Visiting Manzanar National Historic Site really hit home for us. Not a lot of people know about this historic site and we want to spread the word and knowledge of this terrible tragedy that happened in US history. We knew the history behind Manzanar, but didn’t know how bad the conditions were until we visited the museum.
This was one of the camps created back in 1942, during World War II, when the US government ordered 120,000 Japanese American citizens to leave their homes and detained them in remote, military-style camps. They called them War Relocation Centers and this happened because Japan bombed Pearl Harbor on December 7, 1941.
It's frightening to think that even if you were an American citizen, it didn't matter. If you had any Japanese ancestry, you were forced into this camp. It could have been us in these camps if we lived during that time. Our mother is Japanese, so automatically that would put us on the list to be transported to this camp.
With the uncertainty of not knowing what was going to happen, many sold (if they were able to) their land, house, or anything that they owned. They could only bring what they could carry and some only filled their suitcases with diapers if they had small children. There were also restrictions on what you couldn't bring. For example, you weren't allowed to bring cameras. There is a story of one Japanese American, Toyo Miyatake, who smuggled one in.
The first Japanese to arrive at camp was in March 1942. By September, ten thousand Japanese Americans were forced to live in small shared barracks at Manzanar.
"Standing in line in front of the latrine, standing in line of our bath. That was a shock...we got sick...we couldn't go...we didn't want to go. It was smelly and it was dirty...there were no partitions, and it was so cramped that we almost touched each other. It was very humiliating." - Mary Tsukamoto
Manzanar National Historic Site was a lot bigger than we expected. You start your tour indoors, where there is a museum and a theater. Then you can walk or drive around the camp site outdoors and view the different barracks and structures of the camp.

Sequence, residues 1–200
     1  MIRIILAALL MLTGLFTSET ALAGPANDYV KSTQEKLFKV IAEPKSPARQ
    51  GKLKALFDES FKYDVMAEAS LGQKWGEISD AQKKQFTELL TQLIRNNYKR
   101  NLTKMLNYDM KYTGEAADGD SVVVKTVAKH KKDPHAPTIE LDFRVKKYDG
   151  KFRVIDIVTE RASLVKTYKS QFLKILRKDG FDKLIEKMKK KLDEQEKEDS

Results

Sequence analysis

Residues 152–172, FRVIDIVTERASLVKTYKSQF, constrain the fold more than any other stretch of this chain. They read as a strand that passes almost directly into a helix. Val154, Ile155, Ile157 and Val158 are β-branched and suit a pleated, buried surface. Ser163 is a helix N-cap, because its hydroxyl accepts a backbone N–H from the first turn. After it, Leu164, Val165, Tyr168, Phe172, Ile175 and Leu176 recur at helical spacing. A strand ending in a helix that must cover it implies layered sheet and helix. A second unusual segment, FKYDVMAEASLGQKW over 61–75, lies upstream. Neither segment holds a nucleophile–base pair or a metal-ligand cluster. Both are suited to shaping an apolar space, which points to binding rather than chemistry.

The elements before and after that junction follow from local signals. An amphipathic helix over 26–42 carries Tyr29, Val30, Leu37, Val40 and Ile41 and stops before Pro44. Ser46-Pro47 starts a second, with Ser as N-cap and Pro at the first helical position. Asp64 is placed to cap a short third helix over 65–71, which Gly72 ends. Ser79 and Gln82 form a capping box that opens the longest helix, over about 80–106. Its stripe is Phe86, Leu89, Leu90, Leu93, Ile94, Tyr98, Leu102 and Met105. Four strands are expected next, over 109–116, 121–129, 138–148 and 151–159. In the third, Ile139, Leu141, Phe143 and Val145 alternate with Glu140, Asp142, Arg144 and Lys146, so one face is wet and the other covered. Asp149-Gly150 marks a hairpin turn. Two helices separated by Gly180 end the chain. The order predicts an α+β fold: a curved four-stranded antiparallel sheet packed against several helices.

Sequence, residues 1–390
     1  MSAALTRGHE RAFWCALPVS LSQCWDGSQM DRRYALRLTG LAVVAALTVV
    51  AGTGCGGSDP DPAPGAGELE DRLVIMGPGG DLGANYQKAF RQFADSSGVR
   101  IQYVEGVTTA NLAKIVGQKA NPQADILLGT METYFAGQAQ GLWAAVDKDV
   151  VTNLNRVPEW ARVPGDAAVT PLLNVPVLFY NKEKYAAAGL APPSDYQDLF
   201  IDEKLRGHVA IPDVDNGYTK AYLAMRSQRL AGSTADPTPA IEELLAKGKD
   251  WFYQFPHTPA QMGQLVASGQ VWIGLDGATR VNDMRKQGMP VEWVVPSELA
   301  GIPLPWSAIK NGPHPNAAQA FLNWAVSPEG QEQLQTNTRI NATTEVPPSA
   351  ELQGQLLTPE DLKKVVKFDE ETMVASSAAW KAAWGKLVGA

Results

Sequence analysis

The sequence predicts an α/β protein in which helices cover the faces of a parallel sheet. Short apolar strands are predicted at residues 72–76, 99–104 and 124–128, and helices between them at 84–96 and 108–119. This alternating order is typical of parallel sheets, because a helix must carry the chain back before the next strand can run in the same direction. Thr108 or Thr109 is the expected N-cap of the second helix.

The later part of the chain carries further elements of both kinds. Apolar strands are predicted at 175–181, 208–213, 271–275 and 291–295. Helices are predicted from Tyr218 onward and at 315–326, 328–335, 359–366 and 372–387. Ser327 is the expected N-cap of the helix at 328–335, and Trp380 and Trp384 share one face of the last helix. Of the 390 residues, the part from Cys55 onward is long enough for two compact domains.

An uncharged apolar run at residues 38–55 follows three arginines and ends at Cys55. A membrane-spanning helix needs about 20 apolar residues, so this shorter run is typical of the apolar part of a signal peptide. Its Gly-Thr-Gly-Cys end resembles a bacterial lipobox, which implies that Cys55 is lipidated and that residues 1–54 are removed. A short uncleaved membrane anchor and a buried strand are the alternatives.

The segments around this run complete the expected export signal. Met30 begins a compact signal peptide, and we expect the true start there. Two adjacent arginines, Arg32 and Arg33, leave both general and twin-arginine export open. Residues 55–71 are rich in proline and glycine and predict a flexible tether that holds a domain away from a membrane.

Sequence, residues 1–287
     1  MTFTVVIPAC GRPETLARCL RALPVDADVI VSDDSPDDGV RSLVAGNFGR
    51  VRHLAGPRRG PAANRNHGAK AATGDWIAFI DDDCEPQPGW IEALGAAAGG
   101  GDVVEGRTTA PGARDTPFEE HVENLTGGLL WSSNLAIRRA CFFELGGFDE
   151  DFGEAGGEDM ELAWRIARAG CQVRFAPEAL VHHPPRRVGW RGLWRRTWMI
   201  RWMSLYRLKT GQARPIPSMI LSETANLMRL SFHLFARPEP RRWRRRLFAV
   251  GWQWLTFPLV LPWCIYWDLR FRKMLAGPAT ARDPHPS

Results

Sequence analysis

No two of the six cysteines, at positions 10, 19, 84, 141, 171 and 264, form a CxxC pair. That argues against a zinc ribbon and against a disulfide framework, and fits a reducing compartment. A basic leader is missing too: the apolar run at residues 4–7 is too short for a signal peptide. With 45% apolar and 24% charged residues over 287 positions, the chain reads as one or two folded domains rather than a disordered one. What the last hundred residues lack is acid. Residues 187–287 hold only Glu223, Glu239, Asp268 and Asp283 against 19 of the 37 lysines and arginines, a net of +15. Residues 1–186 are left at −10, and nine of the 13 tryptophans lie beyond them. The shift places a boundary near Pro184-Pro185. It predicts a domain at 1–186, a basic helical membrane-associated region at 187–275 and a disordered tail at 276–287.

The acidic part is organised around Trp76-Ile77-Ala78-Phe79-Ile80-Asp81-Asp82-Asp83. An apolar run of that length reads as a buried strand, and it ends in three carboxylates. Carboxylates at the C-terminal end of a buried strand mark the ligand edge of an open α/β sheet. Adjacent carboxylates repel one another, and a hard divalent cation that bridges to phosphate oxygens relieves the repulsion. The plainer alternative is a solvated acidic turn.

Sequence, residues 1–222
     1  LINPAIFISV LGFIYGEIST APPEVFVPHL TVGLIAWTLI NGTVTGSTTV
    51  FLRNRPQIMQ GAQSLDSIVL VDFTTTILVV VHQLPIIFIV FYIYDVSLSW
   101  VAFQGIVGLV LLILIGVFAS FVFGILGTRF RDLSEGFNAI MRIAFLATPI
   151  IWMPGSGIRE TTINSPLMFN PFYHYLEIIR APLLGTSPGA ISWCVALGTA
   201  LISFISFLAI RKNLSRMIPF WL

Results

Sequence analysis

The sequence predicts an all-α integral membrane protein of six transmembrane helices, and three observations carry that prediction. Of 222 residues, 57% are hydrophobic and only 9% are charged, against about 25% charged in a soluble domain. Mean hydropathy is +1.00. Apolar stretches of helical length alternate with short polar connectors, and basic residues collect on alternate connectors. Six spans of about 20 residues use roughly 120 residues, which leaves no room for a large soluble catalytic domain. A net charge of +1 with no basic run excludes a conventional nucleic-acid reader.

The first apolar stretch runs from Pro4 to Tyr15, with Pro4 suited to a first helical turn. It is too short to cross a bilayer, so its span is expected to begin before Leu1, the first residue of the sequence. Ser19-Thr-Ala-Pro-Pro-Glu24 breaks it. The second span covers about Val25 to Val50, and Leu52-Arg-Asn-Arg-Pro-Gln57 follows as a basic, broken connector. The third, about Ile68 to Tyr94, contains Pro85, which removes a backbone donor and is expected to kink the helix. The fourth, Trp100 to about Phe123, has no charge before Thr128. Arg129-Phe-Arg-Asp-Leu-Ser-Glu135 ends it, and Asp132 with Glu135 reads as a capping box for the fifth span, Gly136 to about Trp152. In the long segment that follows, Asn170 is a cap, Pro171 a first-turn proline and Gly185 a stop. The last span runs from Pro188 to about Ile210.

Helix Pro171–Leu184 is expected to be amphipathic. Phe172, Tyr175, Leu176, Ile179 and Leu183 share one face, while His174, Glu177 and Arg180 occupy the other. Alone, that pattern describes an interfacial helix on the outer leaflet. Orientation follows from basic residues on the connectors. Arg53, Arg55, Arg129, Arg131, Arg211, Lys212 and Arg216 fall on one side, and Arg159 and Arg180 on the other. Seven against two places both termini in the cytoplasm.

We spent a good hour or two exploring and reading everything in the museum. As we toured the space, we came to realize that the situation was worse than we had originally thought. One small example was the "beds" they had to sleep on. On top of being crammed into a tiny space with up to 8 people and no privacy, everyone had to stuff their mattresses with hay and sleep on narrow beds. There was an example of the mattress on display and when we felt it, we were shocked at how uncomfortable it was. We couldn't believe the internees had to live like this for over 3 years.
We got really emotional when we came upon the children's exhibit room. There were self portraits of the children crying and drawings of segregation. We learned that since all the internees had to leave most of their belongings behind, there weren't enough toys for the children. So, the parents started the Toy Loan Center. It was like a library of toys.
Despite the harsh living conditions, most of the internees tried to make the best of their situation by building clubs, gardens, a basketball court, baseball field, newspaper press and more.
After the war ended, all Japanese-Americans were released from the camps and the last one closed in November 1945. They were all given $25 and had to find transportation to their next destination on their own. While many left the camp voluntarily, a significant number refused to leave because they had no place to go after having lost everything and being imprisoned in the camp for over 3 years. The Japanese-American community suffered significant economic losses and psychological trauma from the incarceration.
146 incarcerees died at Manzanar. Fifteen incarcerees were buried there, but only five graves remain, as most were later reburied elsewhere by their families. On our driving tour, we stopped by the Manzanar cemetery site marked by a monument that was built by incarceree stonemason, Ryozo Kado, in 1943. An inscription in Japanese on the front of the monument reads, 慰靈塔 (Soul Consoling Tower). The monument was draped in string of origami paper cranes and behind it are numerous tombstones. It was a powerful site to see.
During the 1970s, Japanese Americans launched a campaign to call for redress from the U.S. government. In 1988, Congress apologized for it’s “race prejudice and war hysteria” and passed the Civil Liberties Act of 1988. This granted former incarcerees $20,000 in reparations.
Several films have been made about the camp. One of the recent ones being Day of Independence (2003). I had the pleasure of speaking with the director of photography, Stacy Toyama, about this film. A lot of the extras that they used on set were the actual internees and their children. He said that it was hard for many of them to relive this time in their lives, but felt that it was important to teach their children the history of what had happened to them.
We’re so glad the Japanese-Americans fought to preserve this site and so glad we stopped by. This is something that should never be forgotten and a reminder to the nation to never let a tragedy like this happen again. For those interested, there is an annual pilgrimage held every year on the last Saturday of April at the northwest corner of the former camp site, near the cemetery monument.
Written by Candy Waltrip from Travel Pockets.
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